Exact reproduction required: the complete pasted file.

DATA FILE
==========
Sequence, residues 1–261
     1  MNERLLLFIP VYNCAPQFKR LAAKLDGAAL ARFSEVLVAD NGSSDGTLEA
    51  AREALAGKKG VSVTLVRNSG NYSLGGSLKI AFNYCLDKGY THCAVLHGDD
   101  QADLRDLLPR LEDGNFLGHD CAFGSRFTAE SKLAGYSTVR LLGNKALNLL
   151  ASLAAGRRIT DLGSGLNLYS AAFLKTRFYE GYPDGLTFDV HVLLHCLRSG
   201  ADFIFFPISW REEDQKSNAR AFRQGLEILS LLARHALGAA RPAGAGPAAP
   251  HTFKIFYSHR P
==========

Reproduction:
Sequence, residues 1–261
     1  MNERLLLFIP VYNCAPQFKR LAAKLDGAAL ARFSEVLVAD NGSSDGTLEA
    51  AREALAGKKG VSVTLVRNSG NYSLGGSLKI AFNYCLDKGY THCAVLHGDD
   101  QADLRDLLPR LEDGNFLGHD CAFGSRFTAE SKLAGYSTVR LLGNKALNLL
   151  ASLAAGRRIT DLGSGLNLYS AAFLKTRFYE GYPDGLTFDV HVLLHCLRSG
   201  ADFIFFPISW REEDQKSNAR AFRQGLEILS LLARHALGAA RPAGAGPAAP
   251  HTFKIFYSHR P